And few will be able to understand the difficult books that Adora can tackle in a morning. She reads widely, from fiction to history and biography. She was only four when she started writing stories, but her writing really took off when her mother bought her a laptop at six. At seven, her first book, Flying Fingers, a mix of her own fiction and writing tips for others, was published. She already has a deal for her second book, a collection of poetry.
Adora is supported by Joyce, who is an interpreter. But she insists the campaign is Adora's own doing. 'She does this off her own back,' she said. 'She understands what she is doing, but we do encourage and support her.' Their decision to come to the UK comes after figures showed that 52 per cent of five-year-olds failed to reach literacy, language and development targets.
Reading for pleasure is one way to push up achievement, according to Viv Bird, director of Reading is Fundamental, a project run by the National Literacy Trust. She said peer-to-peer encouragement was very important: 'It is fantastic that Adora is getting people thinking about books. I just hope her trip is not met with too much cynicism.'
Bird said it would be good if Adora teamed up with local children who were also writing books.
One British success is keen to meet Adora. Libby Rees, author of Help, Hope and Happiness - a self-help book for children whose parents are divorcing - said: 'It would be fun to meet someone who has done something like me. I really hope I have encouraged children to write.'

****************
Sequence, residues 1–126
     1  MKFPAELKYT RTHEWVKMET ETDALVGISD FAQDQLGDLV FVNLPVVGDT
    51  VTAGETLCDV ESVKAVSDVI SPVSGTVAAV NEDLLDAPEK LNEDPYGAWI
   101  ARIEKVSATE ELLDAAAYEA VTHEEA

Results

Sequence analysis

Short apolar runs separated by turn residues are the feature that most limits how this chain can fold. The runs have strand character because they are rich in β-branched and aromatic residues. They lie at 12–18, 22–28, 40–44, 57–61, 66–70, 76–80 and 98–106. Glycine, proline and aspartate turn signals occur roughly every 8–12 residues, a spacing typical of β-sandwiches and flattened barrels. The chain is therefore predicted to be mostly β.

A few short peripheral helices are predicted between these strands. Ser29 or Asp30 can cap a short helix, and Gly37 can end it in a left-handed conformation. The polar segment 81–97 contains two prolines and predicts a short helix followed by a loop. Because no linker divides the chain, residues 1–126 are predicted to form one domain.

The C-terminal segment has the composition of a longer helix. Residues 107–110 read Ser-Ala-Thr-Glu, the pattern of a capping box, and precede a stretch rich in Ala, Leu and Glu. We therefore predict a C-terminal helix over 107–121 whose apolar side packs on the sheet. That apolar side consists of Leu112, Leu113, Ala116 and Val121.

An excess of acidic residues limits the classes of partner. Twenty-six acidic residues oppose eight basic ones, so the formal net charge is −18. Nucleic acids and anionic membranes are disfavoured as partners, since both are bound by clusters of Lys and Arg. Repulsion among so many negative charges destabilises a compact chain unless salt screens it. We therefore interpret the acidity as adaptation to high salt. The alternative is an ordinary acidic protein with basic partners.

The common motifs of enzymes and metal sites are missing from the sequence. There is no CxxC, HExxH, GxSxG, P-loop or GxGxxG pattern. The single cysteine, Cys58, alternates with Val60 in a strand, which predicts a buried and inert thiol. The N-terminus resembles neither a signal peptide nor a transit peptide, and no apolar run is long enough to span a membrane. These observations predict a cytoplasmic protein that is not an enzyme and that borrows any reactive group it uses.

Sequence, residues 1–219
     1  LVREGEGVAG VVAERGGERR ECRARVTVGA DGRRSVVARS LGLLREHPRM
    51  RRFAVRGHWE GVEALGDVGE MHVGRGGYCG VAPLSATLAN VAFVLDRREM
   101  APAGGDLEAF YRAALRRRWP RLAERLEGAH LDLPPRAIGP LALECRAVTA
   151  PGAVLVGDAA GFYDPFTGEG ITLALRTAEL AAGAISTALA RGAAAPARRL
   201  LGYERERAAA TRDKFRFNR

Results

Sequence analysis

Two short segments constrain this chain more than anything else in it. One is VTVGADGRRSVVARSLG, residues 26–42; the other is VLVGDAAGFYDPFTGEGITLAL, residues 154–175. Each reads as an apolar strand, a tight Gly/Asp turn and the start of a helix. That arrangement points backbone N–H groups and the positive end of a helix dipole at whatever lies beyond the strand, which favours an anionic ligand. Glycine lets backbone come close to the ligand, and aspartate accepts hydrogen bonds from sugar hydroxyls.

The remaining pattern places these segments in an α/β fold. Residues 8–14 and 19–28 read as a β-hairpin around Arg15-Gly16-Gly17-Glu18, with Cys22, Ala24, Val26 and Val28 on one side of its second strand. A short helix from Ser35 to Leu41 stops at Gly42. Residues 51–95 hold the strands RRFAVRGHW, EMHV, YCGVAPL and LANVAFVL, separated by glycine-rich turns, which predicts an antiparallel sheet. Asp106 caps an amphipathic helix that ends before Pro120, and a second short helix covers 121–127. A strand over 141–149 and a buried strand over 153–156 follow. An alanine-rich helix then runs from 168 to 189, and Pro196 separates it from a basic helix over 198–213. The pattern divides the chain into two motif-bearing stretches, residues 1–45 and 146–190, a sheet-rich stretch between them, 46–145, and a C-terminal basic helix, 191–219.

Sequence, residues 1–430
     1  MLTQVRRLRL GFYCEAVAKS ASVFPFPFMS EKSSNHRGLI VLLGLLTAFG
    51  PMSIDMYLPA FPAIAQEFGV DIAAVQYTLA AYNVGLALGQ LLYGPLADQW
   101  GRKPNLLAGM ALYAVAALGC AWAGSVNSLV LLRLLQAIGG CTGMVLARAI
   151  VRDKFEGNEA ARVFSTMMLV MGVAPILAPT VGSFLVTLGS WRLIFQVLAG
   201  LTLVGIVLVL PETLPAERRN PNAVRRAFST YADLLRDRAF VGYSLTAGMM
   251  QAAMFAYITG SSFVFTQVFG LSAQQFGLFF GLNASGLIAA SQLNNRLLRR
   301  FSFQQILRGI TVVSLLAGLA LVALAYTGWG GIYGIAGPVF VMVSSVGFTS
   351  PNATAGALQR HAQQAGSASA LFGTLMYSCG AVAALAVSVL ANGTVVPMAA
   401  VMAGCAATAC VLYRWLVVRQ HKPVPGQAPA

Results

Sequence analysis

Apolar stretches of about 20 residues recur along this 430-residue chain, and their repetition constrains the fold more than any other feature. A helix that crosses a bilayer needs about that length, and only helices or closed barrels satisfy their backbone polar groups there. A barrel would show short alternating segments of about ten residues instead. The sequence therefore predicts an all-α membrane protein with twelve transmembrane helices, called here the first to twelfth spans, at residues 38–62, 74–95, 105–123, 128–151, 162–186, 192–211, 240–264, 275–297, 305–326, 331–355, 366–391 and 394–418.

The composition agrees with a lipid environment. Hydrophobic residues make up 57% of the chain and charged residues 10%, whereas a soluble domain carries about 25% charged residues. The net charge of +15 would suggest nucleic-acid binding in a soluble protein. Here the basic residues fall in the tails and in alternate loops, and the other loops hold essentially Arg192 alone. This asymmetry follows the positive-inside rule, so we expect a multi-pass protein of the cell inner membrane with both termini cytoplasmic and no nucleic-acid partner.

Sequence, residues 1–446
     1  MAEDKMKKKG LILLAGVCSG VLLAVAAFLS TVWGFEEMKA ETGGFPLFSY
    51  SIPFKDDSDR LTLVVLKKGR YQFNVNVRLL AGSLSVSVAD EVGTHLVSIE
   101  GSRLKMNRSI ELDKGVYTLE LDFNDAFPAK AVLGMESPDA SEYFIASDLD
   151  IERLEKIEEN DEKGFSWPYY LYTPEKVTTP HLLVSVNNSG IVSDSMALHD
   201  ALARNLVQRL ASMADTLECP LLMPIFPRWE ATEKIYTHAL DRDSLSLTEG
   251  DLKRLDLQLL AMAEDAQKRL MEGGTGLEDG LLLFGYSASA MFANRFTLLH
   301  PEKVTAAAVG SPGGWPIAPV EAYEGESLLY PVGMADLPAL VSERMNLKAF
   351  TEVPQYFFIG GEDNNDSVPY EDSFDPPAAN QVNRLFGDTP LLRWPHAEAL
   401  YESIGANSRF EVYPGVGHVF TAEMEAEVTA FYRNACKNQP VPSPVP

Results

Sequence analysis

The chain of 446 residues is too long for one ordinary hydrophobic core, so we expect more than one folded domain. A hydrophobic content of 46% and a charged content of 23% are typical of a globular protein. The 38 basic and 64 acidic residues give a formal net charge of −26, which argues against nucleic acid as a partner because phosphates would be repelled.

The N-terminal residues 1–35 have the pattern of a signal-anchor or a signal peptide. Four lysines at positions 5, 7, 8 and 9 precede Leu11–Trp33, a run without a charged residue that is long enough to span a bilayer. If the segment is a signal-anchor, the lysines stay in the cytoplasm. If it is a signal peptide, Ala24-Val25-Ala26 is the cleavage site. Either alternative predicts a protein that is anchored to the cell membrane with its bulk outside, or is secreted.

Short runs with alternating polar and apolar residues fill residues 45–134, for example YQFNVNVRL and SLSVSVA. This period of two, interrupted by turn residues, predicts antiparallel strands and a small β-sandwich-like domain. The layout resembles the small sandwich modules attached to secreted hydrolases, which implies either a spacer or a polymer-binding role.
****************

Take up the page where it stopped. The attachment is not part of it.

Libby, who is 10, is set to host her own Trisha-style chat show later this year. Charles Faulkner, of her publishers, Aultbea Publishing, said it was the honest and positive outlook of children that made their writing unique. 'It is not just their age, but the quality of work is very refreshing,' he added. 'These children are exceptionally bright and ahead of their years in school.'
Adora has the reading age of 20, according to her teachers. But success hasn't gone to her head.
'She is not arrogant at all,' said her writing teacher, Felisa Rogers. 'She is above average ability, but we make sure we tell her that this is because of her hard work.'
Adora the author
Prince Garrick scornfully tossed aside a beautifully gold-embossed leather-bound book. 'Peasant's trash,' he scoffed to the trembling minion who had presented the gift.
'B-beg p-pardon, y-your sup-superior h-highness, I n-never meant no h-harm,' the servant stuttered, stepping back and tripping over an ornately designed china pitcher.'
• Extract from Flying Fingers

5:30 PM  
Anonymous Anonymous said...

It ALL comes down to this: if you think "indigo children" is a load of crap, good for you, if, on the other hand, you still believe in "add", you belong in a mental institution. Seriously.

10:03 PM